This article investigates the ‘bureaucratic capture’ of migrant children through three technologies of the state: labelling, data production and social services, illuminating the ways visibility and invisibility are constructed and managed in the context of restrictionist immigration regimes. Using the case of unaccompanied asylum seeking children, Roma children and undocumented children we examine how in/visibility is produced; for what purposes, and with what consequences. We demonstrate through the simultaneous broadcasting and disappearance of migrant children, bordering is reconstituted through various performances, rationalities and technologies of immigration governance. The article argues the notion of ‘best interests’ is drawn on when the state can define these interests in accordance with their political aims and resources. The set of cases taken together provide novel insights into how states reconcile conflicting logics and reveals how the implementation of the child rights regime prevents some children from actualising their rights.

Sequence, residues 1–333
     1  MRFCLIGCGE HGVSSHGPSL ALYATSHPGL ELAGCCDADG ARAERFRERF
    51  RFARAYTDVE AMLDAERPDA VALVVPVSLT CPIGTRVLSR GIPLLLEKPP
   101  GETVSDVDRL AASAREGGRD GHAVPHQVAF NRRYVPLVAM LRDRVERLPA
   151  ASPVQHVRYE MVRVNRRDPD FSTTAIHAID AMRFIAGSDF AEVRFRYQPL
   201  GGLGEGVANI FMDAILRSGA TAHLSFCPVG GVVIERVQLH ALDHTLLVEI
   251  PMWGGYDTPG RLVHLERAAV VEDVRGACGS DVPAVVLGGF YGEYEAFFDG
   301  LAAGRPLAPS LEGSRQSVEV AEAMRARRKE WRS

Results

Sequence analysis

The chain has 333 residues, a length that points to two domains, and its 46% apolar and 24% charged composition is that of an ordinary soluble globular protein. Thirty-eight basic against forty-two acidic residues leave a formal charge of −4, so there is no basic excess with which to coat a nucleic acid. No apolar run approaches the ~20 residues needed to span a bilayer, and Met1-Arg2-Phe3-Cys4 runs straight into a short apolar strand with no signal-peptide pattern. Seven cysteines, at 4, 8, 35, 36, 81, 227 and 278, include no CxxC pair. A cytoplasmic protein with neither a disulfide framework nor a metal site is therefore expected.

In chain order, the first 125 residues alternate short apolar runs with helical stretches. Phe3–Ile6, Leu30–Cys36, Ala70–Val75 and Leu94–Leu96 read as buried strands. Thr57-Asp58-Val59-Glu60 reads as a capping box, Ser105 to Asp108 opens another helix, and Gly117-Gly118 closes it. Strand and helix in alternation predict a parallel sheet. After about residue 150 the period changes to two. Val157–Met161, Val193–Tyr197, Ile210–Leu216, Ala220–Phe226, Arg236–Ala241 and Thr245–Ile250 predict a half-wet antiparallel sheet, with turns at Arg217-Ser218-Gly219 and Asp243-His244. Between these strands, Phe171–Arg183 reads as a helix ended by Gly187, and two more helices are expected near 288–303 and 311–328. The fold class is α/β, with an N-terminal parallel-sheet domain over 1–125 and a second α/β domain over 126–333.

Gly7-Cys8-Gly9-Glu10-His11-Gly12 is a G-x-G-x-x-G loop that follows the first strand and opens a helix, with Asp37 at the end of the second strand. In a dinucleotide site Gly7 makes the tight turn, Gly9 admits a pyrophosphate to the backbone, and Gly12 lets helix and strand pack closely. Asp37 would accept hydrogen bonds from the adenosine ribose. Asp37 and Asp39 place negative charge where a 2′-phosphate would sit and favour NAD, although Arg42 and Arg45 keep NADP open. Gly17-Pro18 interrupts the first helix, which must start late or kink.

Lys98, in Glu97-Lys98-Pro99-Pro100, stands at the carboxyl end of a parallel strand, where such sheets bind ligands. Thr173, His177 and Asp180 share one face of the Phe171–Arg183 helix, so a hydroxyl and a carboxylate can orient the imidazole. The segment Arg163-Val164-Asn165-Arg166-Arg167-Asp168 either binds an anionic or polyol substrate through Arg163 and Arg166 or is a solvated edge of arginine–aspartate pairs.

- state theory